However, it depends on the slope of the roof outside versus the slope of the ceiling inside for this next thing: if your roof is like my roof, the inside ceiling peak is at 14 feet, yet I can stand up almost straight and walk across above it in the attic in the trusses, or it could be that there is no space to even be able to see much at all from inside the attic, in which case you would be back to going in from outside just to check it.

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  9. #9
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    Default Re: Deflection in roof

    Could this be the sheathing also?

    I will try to look up there with a flashlight. There's an access in my bedroom closet where possibly I can see that far.

    Should this have been something my home inspector should have noticed and addressed?

    Is this something I can leave until I have to get the shingles replaced down the road?


  10. #10
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    Default Re: Deflection in roof

    Thank you for all the helpful information. I did email my original inspector so hopefully he responds.

    Is something that can be fixed when the shingles are eventually replaced if trusses are uneven?


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    Default Re: Deflection in roof

    Quote Originally Posted by Catherine Newberry View Post
    Could this be the sheathing also?
    To be or not to be that is the question ... the answer is: possibly and possibly not.

    Should this have been something my home inspector should have noticed and addressed?
    Your inspector may have and the way they addressed it may have been "I don't see anything there which raises a red flag." and that was the end of it. Inspectors have to make those decisions on almost everything they inspect, to bring each and everyone of those things to your attention would probably scare the bejesus out of you and you may not end up buying anything ... that would not accomplish anything positive for you, would it?

    Is this something I can leave until I have to get the shingles replaced down the road?
    Depends ... (not the kind old people wear either ) ... The house is almost 10 years old and there is no apparent problems from it that you found, you only found that accidentally while looking at it. Depends on what it is, it may actually not be anything. We cannot tell from here.

    Quote Originally Posted by Catherine Newberry View Post
    Thank you for all the helpful information. I did email my original inspector so hopefully he responds.

    Is something that can be fixed when the shingles are eventually replaced if trusses are uneven?
    It may not even require "fixing" as there may be nothing "wrong" with it. If it is the truss alignment then it is almost surely cosmetic and the effort (and cost) to make it look better would probably far exceed what *I* would want to spend on it just to make it look better. But that could just be me.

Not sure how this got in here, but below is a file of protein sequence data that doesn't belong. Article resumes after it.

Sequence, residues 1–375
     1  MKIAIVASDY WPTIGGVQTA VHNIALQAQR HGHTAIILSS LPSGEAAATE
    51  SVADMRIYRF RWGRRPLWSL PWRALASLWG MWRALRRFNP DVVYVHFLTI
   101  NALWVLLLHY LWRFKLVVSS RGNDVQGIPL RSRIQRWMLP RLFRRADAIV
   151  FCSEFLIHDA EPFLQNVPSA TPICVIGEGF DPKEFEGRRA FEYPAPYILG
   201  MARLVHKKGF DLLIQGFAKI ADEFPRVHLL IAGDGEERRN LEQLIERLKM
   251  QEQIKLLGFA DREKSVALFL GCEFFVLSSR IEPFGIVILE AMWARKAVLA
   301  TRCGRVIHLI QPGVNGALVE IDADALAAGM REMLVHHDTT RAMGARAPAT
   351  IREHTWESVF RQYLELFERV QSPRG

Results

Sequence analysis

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  12. #12
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    Default Re: Deflection in roof

    Okay,it looks like I can access the rafters. I only looked from the attic door because I wasn't sure if I can walk up there. It looks like there is a lightbulb on a cord hanging up there and a little platform. Is this normal? Also a sphere shaped thing on a pole? Here are more photos.

    i didn't see any cracks but not getting a great view.

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    Default Re: Deflection in roof

    Quote Originally Posted by Catherine Newberry View Post
    Okay,it looks like I can access the rafters. I only looked from the attic door because I wasn't sure if I can walk up there. It looks like there is a lightbulb on a cord hanging up there and a little platform. Is this normal? Also a sphere shaped thing on a pole? Here are more photos.

    i didn't see any cracks but not getting a great view.
    "I only looked from the attic door because I wasn't sure if I can walk up there."

    Depends - if you have not walked in and across trusses before I would have someone else do it ... there are a few neat photos on this board by inspectors who fell through the ceiling, wouldn't want you posting a photo of where you fell through, would we - or worse, with you in a body cast because of the injuries you received - so I am not going to be the one to tell you that you can walk the attic and trusses.

    That round thing is an antenna.

    (If you are hearing voices - that's the mother ship.)

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  14. #14
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    Default Re: Deflection in roof

    This is where I think it is. Does anything look unusual from what you can see? I had to really crop the photo to get it to upload.

    heres another photo of the trusses. It does look like one is not aligned with the rest by my novice eye. But wouldn't the other side of the roof also have the same thing?

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    Last edited by Catherine Newberry; 02-27-2014 at 05:01 PM.

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    Default Re: Deflection in roof

    Looks like either one or two trusses are set to the right more than the others, or, the roof sheathing is cut lower on the left side in that area than on the right side.

    Either code lead to the ridge vent looking like it is rolling toward the left side when viewed from outside. If you compare the space between the peak of the truss and the top of the sheathing on each side of the same truss to each other, and from truss to truss, you will probably see what I am seeing too.

    That could very well be what you are seeing.

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    Default Re: Deflection in roof

    The photos don't reveal anything.